Before the pandemic, things were bad. There was a general agreement worldwide that schools in countries around the world were not delivering quality education. In came the pandemic and, the global education system was thrown
down the gauntlet. As a student, rarely have I ever heard that someone “likes” or “enjoys” secondary or senior secondary education (there are some exceptions everywhere but, anyway). Basically, we ask ourselves this question:
“What Is School For?”
A couple of years ago, I watched a video by Prince Ea titled “What Is School for?”. Being younger back then, I didn’t quite understand the intensity of the situation he was trying to highlight but now, I think I do. Before you read
on, let me ask you a question - What is the powerhouse of the cell? If you know the answer, great. But, in a situation where you didn’t know the answer, one would simply google it, right? According to me, any information that is
readily available to us within seconds on the web shouldn’t be memorized by students at all. Wait a second, so doesn’t this defy the essence of education? No, it doesn’t.
Fact: Over 1.2 million students drop out of high school in the United States every year.
According to a survey, the main reasons this high drop-out rate were failing classes, boredom and 1/5th of the participating students reported that school simply wasn’t relevant to their lives.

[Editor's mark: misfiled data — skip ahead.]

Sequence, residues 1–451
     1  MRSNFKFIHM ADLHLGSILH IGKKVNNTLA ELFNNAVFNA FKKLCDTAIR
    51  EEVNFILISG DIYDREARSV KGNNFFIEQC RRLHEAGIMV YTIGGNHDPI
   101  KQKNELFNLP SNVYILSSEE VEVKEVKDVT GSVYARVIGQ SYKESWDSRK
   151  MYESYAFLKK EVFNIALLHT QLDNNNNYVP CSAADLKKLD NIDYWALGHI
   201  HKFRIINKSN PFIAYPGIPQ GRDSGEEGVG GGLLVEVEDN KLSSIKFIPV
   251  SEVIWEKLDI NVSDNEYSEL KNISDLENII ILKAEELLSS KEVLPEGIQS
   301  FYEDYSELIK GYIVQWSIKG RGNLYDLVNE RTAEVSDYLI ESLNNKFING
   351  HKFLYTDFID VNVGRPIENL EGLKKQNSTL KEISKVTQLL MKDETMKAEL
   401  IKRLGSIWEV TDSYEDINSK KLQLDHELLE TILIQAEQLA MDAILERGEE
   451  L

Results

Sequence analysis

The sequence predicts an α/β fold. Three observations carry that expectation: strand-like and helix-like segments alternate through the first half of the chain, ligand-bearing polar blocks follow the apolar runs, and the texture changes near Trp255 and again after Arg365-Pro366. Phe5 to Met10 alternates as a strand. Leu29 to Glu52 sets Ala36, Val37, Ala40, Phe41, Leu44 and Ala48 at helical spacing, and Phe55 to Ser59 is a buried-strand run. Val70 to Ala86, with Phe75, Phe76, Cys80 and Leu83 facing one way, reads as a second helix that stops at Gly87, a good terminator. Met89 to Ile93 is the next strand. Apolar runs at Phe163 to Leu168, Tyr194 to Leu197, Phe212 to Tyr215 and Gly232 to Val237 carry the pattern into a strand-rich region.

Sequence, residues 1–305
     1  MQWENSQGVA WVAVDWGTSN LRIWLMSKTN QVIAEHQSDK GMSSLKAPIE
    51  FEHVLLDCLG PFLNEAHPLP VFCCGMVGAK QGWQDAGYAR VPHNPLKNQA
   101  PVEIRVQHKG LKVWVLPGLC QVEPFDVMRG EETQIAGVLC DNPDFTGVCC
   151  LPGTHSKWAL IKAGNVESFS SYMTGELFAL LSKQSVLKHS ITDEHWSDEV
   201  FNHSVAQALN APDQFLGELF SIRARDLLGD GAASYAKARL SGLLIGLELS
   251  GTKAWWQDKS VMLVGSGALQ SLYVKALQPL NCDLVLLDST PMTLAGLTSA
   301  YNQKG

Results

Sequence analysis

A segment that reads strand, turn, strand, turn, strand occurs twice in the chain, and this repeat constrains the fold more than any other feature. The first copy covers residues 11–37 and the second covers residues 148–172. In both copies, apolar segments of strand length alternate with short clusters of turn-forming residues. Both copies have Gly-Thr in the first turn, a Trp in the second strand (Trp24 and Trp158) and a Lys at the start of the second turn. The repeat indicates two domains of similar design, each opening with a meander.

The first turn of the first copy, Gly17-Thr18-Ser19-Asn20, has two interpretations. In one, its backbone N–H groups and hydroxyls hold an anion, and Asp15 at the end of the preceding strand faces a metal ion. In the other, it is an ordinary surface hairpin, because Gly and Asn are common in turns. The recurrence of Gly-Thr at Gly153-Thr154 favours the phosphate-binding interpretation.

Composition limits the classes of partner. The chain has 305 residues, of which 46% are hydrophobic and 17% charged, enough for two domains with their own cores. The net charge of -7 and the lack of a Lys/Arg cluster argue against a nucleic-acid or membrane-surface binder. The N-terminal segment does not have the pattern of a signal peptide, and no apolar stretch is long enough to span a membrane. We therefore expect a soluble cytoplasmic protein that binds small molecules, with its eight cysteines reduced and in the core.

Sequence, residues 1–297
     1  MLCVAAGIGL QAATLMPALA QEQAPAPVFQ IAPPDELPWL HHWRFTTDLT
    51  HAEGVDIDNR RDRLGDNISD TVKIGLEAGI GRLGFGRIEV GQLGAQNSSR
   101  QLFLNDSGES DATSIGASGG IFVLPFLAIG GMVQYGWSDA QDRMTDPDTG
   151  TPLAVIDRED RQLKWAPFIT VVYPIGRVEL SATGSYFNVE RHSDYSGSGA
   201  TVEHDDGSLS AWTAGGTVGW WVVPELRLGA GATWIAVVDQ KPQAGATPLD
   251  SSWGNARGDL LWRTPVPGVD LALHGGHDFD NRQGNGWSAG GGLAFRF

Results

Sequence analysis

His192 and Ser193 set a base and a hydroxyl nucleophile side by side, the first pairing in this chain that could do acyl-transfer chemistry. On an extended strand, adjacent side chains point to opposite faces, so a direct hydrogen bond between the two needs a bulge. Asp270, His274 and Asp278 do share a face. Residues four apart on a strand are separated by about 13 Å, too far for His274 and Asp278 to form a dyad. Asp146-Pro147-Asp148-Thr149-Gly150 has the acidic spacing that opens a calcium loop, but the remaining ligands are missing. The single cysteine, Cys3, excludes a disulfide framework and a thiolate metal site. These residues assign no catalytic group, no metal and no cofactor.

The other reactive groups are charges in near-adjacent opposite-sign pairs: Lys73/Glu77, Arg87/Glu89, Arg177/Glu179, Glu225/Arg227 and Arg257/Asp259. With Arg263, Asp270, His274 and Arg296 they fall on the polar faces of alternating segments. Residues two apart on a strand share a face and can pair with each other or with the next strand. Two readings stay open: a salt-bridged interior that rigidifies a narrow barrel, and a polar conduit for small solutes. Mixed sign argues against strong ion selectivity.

Speaking of schools in India, education is broken too. Poverty, inaccessibility, and unavailability seem to be the major issues. Though students’ interest in the secondary curriculum seems to be low, some say that 84% of what we learn in schools doesn’t help us out in life, at all!
That was just one side of the coin. Have you ever been taught how to handle money, develop personality traits, get a job, manage time, or even how to converse effectively, in school? Well, if you find yourself in a position to say “yes”, you are very lucky. These were all-inclusive of the actual stuff we need to live a better life. Only the “top-notch”, Indian private schools cover about one or two of these themes a year. So, according to me, world governments have some work to do.
How To Fix It
Enough of the problem, let us talk about some practical and implementable solutions. It is quite evident from the tone of this article that, global textbooks need to be revamped and, countries have already started taking initiatives
to solve the issue of “un-relatable” learning.
Though, hands-on education is mostly limited to younger grades, it's important to note that to learn science, you actual have to perform experiments. The only practical experiments that I, have honestly performed in my junior year (11th Grade) were for grades on my report card. What’s the point of leaning about waves and frequency if you’ve never bombarded an object with actually - waves. That brings us to another major possible solution - Hands-On Learning. Governments should make it necessary for schools in their country to spend a minimum number of hours in laboratories or say with nature (for geography etc.).
To fix the issue of dropouts in several developed countries, governments can give a thought to reducing the burden on students and making things easier. These are just some of the solutions just another student can think of. In the end, we are dreamers and, it’s our job to help improve student life across the globe by sharing content.
In conclusion, education can be fixed and, its greatest flaws can be turned into its greatest strengths if we work together